When exactly did Marina Abramovic jump the shark?


Remember when namechecking Marina Abramovic carried some cultural cachet? Me too, but times they are a changin’. These days, hating on Abramovic is the “in” thing to do. Who’s to blame for this change of fortune?

None other than the artist herself. 

A few weeks ago, the Marina Abramovic Institute (MAI) announced it was seeking “volunteers” for four positions including those in administration, tech, and production. This raised some eyebrows given that Abramovic is worth apprximately $10 million and the recent Kickstarter campaign for the institute raised an impressive $660k.

Let’s hope these volunteers at least get treated to the Abramovic-devised “mind and body cleansing exercises” the MAI is hosting in its 33K square foot space in Hudson, NY.

Let’s compare this episode to Abramovic’s collaboration with Adidas on a short film about “teamwork,” made to promote the 2014 FIFA World Cup. The video is basically a recreation of Abramovic’s 1978 piece, “Work/Relation.” In the three minute video, “workers” transport stones from one side of a room to another while wearing Adidas shoes and MAI branded robes that resemble lab coats. 

While the performance is underway, we see Abramovic looking on doe eyed and quizzical, no doubt wondering how big her endorsement check will be from the controversial sporting goods brand. Or maybe just how long she can keep “volunteers” on set, moving stones, before they realize this isn’t an actual performance piece.

The next two bones of contention coincide with Abramovic’s art. In October 2013, Abramovic did an interview with Harper’s BAZAAR entitled “Marina Abramovic Saves the World.” Cheeky, no? Harper’s catches up with the artist on her 26-acre sprawl in upstate New York (the star-shaped house is where Abramovic decompresses when away from her $1.5 million dollar Soho loft). The conversation turns to her $660K Kickstarter goal for the MAI and how she was fast approaching it due to her video collaboration with Lady Gaga. In the video, Gaga demonstrates the “Abramovic method” that will be taught at the MAI. She wanders around the estate naked and blindfolded, sits back-to-back with Abramovic in a stream, and hugs a giant crystal.

Why is this stunt eyebrow-raising? Well, when you’re a middle-class art lover thinking about funding a millionaire’s vanity art institute, you’d like to know how your money will be spent. Abramovic’s explanation? “What I want is to raise human consciousness,” she says. “Humanity is in huge crisis. People need to change their consciousness about the way they live, about the environment, about spirituality. There is so much confusion. I don’t care about making my art anymore; people have lost their purpose. I want to help them find it.”

It will cost an estimated $20 million to construct what Abramovic calls “the cultural laboratory” in Hudson. To be fair, she promises that both civilians and artists are welcome, but there is no cost specified as of yet for taking part in the “consciousness-raising exercises.”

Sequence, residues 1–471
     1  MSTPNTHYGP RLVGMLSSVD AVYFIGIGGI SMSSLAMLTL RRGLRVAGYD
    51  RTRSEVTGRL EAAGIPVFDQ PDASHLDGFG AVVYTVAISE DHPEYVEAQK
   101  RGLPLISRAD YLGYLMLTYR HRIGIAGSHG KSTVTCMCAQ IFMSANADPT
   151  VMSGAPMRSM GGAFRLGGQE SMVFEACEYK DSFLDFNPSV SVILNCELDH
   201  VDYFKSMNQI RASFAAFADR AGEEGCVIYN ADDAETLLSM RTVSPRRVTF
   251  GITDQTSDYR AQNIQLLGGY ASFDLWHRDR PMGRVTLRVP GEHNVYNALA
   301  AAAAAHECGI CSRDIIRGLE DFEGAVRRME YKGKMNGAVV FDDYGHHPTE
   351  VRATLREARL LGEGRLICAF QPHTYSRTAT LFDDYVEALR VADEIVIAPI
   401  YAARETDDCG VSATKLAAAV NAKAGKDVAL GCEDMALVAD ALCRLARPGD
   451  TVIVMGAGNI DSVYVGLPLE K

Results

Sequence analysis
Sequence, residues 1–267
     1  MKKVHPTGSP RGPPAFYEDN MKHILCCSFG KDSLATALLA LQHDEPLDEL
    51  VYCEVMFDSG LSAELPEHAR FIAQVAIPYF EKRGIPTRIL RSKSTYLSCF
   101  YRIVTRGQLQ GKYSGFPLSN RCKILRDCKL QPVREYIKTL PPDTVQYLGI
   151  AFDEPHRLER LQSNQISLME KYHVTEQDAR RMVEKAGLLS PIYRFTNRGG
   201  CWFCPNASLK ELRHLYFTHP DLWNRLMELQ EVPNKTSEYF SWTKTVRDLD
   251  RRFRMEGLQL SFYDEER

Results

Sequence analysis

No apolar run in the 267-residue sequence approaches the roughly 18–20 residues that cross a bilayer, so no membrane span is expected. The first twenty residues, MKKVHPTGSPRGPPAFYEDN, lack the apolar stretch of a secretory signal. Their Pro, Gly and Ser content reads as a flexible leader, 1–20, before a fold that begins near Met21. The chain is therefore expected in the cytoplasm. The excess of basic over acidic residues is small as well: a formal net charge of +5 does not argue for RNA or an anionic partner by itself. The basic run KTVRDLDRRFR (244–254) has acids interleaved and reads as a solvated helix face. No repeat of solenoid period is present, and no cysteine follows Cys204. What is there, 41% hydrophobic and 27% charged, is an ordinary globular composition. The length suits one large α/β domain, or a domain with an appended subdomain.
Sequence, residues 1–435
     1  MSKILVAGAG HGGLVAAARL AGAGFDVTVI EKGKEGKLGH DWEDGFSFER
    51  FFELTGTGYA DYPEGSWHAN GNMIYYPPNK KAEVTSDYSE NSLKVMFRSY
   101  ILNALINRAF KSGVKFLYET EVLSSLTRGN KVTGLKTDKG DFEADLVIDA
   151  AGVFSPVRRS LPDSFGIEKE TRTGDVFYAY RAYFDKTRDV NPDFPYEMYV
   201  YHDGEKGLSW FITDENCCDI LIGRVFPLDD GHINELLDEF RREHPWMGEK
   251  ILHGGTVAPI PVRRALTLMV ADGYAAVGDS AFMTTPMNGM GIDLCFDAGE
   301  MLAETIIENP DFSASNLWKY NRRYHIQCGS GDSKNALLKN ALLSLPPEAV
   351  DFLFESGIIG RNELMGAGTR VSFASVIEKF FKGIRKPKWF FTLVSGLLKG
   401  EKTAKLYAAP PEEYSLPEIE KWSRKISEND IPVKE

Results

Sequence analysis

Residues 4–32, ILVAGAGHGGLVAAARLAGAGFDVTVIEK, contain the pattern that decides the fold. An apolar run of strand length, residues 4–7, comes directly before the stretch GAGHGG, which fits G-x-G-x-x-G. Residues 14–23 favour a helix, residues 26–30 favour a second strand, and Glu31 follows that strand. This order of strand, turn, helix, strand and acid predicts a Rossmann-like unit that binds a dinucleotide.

Now, let’s turn back the clock to 2010, a watershed year for Abramovic. It was the year of “The Artist is Present,” Abramovic’s blockbuster three month MOMA exhibition (also produced as a documentary with the same name). The performance consisted of Abramovic sitting for up to nine hours without food or a bathroom break while museumgoers waited to briefly take a seat across from her. It was basically an elaborate staring contest that smashed MOMA’s attendance records. Everyone was there: Bjork, Isabella Rossellini, and, of course, Abramovic’s BFF James Franco, about whom Abramovich is currently making a movie because “he is the most interesting actor of the moment.” (She also turned Franco into gold at one point).  

While I like the confrontation inherent in “The Artist is Present,” the idol worship exuded by curator Klaus Bisenbach felt uncomfortable. As Bisenbach put it, “Marina seduces everyone.” He goe on to say that no matter who sits in front of her, she pays the same keen attention. Some visitors likened it to looking into a mirror and coming to terms with inner pain. I appreciate the idea of art as a vehicle for self-reflection and therapy, but to queue up for hours with the express intention of staring at a woman in a gown is a bit bewildering.

And herein lies the problem. Give someone that much influence and media real estate and, next thing you know, the artist is present in Givenchy ads alongside Kate Moss, or dancing with Jay-Z in his art piece “Picasso Baby.” (Wait! Jay-Z makes performance art?)

Maybe the new disdain for Abramovic stems from a sense that she has “sold out.” Long gone are the days of her “Rhythm 10” (1973) piece in which she played the Russian game of stabbing her hand with a knife and jumping through flaming pentagrams. In her piece “Lips of Thomas,” she carved the five point Communist star into her abdomen with a razorblade, whipped herself, and laid on a block of ice shaped like a cross. In “Rhythm 0” (1974), she invited audience members to shoot her.

Marina Abramovic went from being perhaps the most punk and avant-garde performance artist to being a woman who relishes cosmetic surgery and Givenchy jerseys. It’s telling that she’s been asked to recreate many of her groundbreaking early works for institutions such as the Guggenheim. Now that she is canonized, the corporate art world has discovered how to best appropriate and monetize her.

When wealthy, superstar artists start crowdfunding for self-titled institutes whose employees are unpaid, it’s time to reconsider their credibility…and their etiquette.

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